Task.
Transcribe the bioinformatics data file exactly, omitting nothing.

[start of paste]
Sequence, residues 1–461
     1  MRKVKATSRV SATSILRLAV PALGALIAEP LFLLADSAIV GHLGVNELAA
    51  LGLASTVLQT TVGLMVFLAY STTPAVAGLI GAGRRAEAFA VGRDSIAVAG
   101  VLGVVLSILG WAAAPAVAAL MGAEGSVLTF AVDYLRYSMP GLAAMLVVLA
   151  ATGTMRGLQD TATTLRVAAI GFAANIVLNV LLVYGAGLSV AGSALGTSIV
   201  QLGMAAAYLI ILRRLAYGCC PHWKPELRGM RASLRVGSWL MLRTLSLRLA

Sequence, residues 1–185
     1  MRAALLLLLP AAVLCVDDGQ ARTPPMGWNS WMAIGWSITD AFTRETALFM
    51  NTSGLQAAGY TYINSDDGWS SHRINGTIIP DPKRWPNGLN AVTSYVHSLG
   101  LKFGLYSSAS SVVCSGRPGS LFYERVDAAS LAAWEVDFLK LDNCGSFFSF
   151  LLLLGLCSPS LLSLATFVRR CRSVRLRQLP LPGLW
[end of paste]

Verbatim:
Sequence, residues 1–461
     1  MRKVKATSRV SATSILRLAV PALGALIAEP LFLLADSAIV GHLGVNELAA
    51  LGLASTVLQT TVGLMVFLAY STTPAVAGLI GAGRRAEAFA VGRDSIAVAG
   101  VLGVVLSILG WAAAPAVAAL MGAEGSVLTF AVDYLRYSMP GLAAMLVVLA
   151  ATGTMRGLQD TATTLRVAAI GFAANIVLNV LLVYGAGLSV AGSALGTSIV
   201  QLGMAAAYLI ILRRLAYGCC PHWKPELRGM RASLRVGSWL MLRTLSLRLA

Sequence, residues 1–185
     1  MRAALLLLLP AAVLCVDDGQ ARTPPMGWNS WMAIGWSITD AFTRETALFM
    51  NTSGLQAAGY TYINSDDGWS SHRINGTIIP DPKRWPNGLN AVTSYVHSLG
   101  LKFGLYSSAS SVVCSGRPGS LFYERVDAAS LAAWEVDFLK LDNCGSFFSF
   151  LLLLGLCSPS LLSLATFVRR CRSVRLRQLP LPGLW